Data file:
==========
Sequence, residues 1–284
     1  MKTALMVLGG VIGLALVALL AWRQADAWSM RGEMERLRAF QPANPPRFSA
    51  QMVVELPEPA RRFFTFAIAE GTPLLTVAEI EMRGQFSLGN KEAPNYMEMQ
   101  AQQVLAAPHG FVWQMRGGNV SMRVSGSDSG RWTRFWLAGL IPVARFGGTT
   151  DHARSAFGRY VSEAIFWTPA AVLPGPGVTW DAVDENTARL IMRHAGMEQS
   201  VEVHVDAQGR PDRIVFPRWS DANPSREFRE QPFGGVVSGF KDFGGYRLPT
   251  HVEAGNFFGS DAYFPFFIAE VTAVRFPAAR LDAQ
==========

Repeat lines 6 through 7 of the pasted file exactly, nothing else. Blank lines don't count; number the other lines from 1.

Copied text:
   201  VEVHVDAQGR PDRIVFPRWS DANPSREFRE QPFGGVVSGF KDFGGYRLPT
   251  HVEAGNFFGS DAYFPFFIAE VTAVRFPAAR LDAQ